government, Kadima postponed the elections and may have paved the way for its members to rejoin Likud.

“Shackled Warrior: Israel and the Global Jihad,”

Q: In your book “Shackled Warrior: Israel and the Global Jihad,” you note that “Palestinian society itself must be transformed before there is to be peaceful coexistence.” Can you explain what you mean?
A: There are no forces in Palestinian society that accept Israel’s right to exist. Fatah doesn’t accept Israel’s right to exist. Hamas doesn’t accept Israel’s right to exist. The supposedly dovish Palestinians like Sari Nusseibah and Salam Fayyad do not accept Israel’s right to exist. Moreover, there is no significant facet of Palestinian society that believes that the use of terrorism to murder Israelis is morally objectionable. At best, the supposedly moderate Palestinians perceive terrorism as counterproductive. The supposed moderates lionize suicide bombers and other mass murderers as heroes. The Palestinian school system from nursery through university indoctrinates Palestinians to perceive death in pursuit of the murder of Jews as the highest ideal. This is not a society that is interested in
peaceful coexistence with Israel. For there to be peace, this society must be transformed.

Q: Along the same lines – does this mean, for all intents and purposes, there is not likely to be a peace? If not, can there be an absence of war or hostilities even if there isn’t a peace?
A: There can be peace under Israeli sovereignty. There can be an absence of war – as there was between 1967-1993 with complete Israeli control over Judea and Samaria. There cannot be an absence of hostilities as long as the Palestinian Authority exists. It exists to maintain and escalate the conflict with Israel with the stated aim of destroying Israel and replacing it with “Palestine.”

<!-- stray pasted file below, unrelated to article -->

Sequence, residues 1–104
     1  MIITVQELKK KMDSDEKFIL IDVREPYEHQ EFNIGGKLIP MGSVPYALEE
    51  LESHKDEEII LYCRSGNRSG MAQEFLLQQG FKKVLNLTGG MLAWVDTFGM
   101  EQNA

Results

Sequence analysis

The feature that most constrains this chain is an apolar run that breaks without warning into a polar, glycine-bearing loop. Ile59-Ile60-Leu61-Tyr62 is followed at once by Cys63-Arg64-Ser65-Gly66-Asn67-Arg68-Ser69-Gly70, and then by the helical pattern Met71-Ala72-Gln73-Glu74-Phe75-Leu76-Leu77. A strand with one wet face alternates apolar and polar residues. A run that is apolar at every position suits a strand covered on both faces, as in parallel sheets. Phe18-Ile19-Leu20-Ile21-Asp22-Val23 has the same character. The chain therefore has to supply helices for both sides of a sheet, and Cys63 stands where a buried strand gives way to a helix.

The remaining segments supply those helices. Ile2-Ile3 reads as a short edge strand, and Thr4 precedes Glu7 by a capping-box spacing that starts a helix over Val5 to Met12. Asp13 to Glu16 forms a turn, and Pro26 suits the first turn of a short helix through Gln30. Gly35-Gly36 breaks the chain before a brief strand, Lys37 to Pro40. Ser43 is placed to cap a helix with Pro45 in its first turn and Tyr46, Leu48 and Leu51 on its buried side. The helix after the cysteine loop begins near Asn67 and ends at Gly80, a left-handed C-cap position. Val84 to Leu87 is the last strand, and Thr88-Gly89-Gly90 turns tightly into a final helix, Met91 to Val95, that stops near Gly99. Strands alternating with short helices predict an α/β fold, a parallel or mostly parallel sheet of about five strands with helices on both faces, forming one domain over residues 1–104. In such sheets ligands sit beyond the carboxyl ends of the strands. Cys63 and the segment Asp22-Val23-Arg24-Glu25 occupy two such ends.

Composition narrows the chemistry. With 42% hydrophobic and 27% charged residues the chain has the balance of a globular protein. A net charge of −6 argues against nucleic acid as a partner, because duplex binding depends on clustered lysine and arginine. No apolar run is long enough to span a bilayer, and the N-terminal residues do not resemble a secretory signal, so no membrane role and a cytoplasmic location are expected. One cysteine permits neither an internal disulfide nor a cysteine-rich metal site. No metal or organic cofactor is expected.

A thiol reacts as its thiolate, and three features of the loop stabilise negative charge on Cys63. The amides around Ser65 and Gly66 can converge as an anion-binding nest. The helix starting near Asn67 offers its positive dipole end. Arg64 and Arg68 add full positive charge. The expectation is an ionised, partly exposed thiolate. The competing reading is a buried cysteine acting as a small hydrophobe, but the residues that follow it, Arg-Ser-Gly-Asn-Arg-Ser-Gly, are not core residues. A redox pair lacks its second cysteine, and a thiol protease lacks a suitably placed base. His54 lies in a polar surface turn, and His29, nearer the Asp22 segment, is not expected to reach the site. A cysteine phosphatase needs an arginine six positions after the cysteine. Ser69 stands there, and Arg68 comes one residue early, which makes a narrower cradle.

Q: After being declared winner of the Egyptian election, the Muslim Brotherhood’s Mohamed Morsy said his government would have to “review” his country’s treaty with Israel. What do you expect will happen? And what are your thoughts about where things are now headed in Egypt?
A: As I wrote immediately after Hosni Mubarak was forced out of power by the Obama administration in February 2010, the peace treaty between Egypt and Israel is dead in the water. I have written
extensively on the subject and people can refer to my website www.carolineglick.com for more information, but Israel’s southern front has reawakened after 30 years of relative calm. And Israel must prepare for the worst. This means, among other things, vastly increasing military spending and the size of the standing army to include at least one more regular division in the south.

Q: Recently, it seems that Israeli officials have been more vocal about the slaughter going on in neighboring Syria. Do you think that’s so – and, if so, why? What is your take on what’s happening – and what will happen – in Syria?
A: The problem with Syria is that thanks to the Obama administration’s decision to outsource the Syrian opposition to Turkey, those fighting Assad include a significant element of al Qaeda. As a consequence, all the options for the future are horrible.